sedition

[ US /sɪˈdɪʃən/ ]
[ UK /sɛdˈɪʃən/ ]
NOUN
  1. an illegal action inciting resistance to lawful authority and tending to cause the disruption or overthrow of the government
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How To Use sedition In A Sentence

  • It comes closeto ‘sedition’ as defined in the early days of US governmentinthe Adams Administration sponsored "Alien and Sedition Act" wherein it became a type of treason to hinder the legitimate workings of government for the purposes of political gain. The Way Things Aren't: The GOP Opts out of Reality Unleashing More Demagoguery
  • The Federalists passed the Sedition Act and John Adams used it to imprison newspaper columnists who wrote articles critical of his administration.
  • The Army has charged him with five offenses: sedition, aiding the enemy, spying, espionage and failure to obey a general order.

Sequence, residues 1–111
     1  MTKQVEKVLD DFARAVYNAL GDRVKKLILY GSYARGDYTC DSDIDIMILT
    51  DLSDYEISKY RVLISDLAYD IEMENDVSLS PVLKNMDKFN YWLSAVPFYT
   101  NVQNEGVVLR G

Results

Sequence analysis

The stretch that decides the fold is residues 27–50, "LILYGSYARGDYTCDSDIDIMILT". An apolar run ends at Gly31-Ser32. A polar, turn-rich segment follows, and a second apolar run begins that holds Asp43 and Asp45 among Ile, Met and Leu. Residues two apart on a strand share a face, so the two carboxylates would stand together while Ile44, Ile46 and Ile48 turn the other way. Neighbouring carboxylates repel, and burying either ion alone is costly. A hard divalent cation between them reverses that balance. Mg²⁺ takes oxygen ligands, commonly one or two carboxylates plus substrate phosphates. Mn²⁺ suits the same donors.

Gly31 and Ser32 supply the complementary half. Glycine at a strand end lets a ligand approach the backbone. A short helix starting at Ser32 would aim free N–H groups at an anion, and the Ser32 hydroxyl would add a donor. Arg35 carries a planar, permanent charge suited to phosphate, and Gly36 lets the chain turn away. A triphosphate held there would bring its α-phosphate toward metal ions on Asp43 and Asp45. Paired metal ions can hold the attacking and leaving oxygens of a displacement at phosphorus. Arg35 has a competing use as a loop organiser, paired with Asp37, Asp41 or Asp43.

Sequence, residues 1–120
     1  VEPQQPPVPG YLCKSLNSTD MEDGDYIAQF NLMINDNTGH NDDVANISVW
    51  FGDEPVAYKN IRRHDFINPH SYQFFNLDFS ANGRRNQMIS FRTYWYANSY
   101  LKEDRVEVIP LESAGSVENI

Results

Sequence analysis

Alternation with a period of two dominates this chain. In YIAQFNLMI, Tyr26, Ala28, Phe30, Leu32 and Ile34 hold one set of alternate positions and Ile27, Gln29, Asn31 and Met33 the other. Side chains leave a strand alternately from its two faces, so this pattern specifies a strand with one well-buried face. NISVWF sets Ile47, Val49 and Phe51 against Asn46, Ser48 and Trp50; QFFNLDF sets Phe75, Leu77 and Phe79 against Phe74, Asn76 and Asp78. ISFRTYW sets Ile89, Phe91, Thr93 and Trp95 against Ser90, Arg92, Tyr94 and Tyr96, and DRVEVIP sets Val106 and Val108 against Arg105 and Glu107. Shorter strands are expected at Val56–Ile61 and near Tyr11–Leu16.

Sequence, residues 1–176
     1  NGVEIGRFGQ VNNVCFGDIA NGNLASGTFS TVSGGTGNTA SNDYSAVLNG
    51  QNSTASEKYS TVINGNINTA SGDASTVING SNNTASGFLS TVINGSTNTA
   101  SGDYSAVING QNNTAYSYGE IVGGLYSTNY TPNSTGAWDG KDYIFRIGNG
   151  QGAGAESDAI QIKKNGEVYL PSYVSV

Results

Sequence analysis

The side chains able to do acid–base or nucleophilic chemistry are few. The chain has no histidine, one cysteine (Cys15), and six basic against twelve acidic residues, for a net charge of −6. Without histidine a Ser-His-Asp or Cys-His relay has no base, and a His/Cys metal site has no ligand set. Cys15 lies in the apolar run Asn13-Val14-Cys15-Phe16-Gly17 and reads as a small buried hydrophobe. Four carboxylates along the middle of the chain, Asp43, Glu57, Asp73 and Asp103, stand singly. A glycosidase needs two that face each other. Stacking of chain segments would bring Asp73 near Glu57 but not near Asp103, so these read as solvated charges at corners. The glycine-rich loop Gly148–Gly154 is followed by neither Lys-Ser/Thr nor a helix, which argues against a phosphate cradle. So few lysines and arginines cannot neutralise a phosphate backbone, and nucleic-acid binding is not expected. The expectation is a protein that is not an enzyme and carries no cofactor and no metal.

• Military officials initially told the press that he might face charges of espionage and sedition, even treason.
  • Park then placed him under house arrest, while his captors went free, and later imprisoned him for sedition.
  • But while it may not breach broadcasting regulations, it may breach the law against sedition, as it incites disaffection against the crown.
  • The false accusations we heard in the news media last week incite sectarian sedition.
  • John offers a constant and persistent whine that borders on sedition.
  • Can an author with reason complain that he is cramped and shackled if he is not at liberty to publish blasphemy, bawdry, or sedition?
  • Trade Union leaders were charged with sedition.
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